On the Popping of commodity bubbles

I can predict that oil will come down much faster than house prices on the Ghost Estates will.

I am not quite sure when though, in time for winter I suspect now. Oil about $80 for christmas. Lets see.

timesonline.co.uk/tol/commen … 980797.ece

Somer fecker looked at them fundamentals lads , eg demand , what he found was most intruiging .

Oil tried to retest its top of 22nd May (135$) yesterday, but only made it to 133. Now just under 130$. If it closes below 130$ the shorts will pile on.

Lads, yez wouldn’t listen to me on March 17th!

thepropertypin.com/viewtopic … 6049#66049

people laughed when they heard the projection of $100 oil last year! i think that the Exxon Mobil AGM tomorrow will be most telling, in fact the one thing that might get OPEC to agree to extra production and distribution will be the move or threatened move to alternatives, because if that happens oil will certainly take a fall, why? because OPEC will flood the market trying to make oil cheap enough to stymie the investment capital from moving into alternatives.

a peak and pear back in oil has happened a good few times since we passed the $100 mark and it seems the market tests the elastic limit of price and comes back a bit before passing it again. its happened about 5 times this year already

I also read somewhere that commodities are exhibiting one of the classic signs of a bubble: buying futures in expectation of a price gain, as opposed to buying them to ensure supply at a particular price.

Think of it as all those flippers who bought off plan in the expectation that when the property was completed they would be able to sell it at a profit or even flip it before delivery…

Its gone up another 10% at least since *you *opened your mouth .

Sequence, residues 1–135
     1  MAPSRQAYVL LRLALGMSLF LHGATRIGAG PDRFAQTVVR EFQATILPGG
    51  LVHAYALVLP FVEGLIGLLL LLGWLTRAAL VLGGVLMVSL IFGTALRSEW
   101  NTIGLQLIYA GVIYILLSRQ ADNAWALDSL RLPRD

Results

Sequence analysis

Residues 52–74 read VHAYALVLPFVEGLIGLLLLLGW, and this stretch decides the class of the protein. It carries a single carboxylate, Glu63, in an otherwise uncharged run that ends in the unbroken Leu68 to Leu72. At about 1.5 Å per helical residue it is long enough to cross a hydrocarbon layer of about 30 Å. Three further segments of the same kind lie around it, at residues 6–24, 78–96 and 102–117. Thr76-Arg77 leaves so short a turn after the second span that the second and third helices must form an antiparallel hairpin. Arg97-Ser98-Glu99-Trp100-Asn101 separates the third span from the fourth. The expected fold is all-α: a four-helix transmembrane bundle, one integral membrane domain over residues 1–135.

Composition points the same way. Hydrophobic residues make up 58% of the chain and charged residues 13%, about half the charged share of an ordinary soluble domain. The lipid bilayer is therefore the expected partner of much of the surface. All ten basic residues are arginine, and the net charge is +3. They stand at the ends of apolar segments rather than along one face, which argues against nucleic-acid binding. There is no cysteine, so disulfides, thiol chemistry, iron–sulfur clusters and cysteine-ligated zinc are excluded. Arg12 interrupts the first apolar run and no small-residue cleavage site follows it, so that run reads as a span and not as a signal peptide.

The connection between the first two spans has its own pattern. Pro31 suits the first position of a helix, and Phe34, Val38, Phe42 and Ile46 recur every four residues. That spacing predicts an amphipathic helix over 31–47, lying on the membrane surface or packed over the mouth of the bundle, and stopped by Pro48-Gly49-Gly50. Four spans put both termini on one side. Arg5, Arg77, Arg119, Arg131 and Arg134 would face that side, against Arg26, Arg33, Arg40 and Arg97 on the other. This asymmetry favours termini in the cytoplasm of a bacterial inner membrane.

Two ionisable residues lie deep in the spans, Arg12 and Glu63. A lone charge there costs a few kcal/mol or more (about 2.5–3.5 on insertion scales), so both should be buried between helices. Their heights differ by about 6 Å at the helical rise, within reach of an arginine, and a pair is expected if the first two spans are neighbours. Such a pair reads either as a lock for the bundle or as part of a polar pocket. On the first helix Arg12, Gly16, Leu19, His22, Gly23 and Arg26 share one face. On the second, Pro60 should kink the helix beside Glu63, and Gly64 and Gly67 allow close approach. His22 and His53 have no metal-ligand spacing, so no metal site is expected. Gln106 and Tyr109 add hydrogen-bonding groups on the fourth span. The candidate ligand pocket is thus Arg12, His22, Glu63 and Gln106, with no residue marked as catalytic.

Ah but look at the price of gold!

I said this in the gold thread and I was bang on time. :wink:

I don’t follow commodies bar the in yer face petrol prices about.

I guess he means global consumption growth has decreased to 0.7mbd. Maybe that consumption growth decrease is simply the decrease in supply growth. If supply wasn’t a problem, then producers would be upping their output for these higher prices - and at just 0.7mpd obviously they are not - probably because they can’t. So it makes more sense to me that supply is slowing down and not demand as he says. So maybe we are nearing the top of the peak oil curve.

Yeah, just like Apple with the ipod and the iphone…

Kaletsky is just talking his book. He’s an inflationist and has never met an interest rate he didn’t want to cut. He’s been a longtime critic of the ECB and it’s relatively strict monetary policy. He’s the Kal part of GaveKal, a happy clappy, “this time it’s different”, investment firm.

“At GaveKal, we have argued at length over recent years that one of the driving forces of the financial markets was the “financial revolution” which was quietly moving from the US and other Anglo-Saxon countries unto the rest of the world. Today, this financial revolution seems to be, at the very best, “put on hold”. So what impact should that have on our investment decisions?”

The financial revolution they’re talking about is the packaging and (mis)selling of crappy debt to the rest of the world.
Look I think oil prices have moved too far too fast, but this guy is just talking his book. I far more trust the opinion of John Taylor.
news.yahoo.com/s/nm/20080528/bs_ … cFiNfv5rEF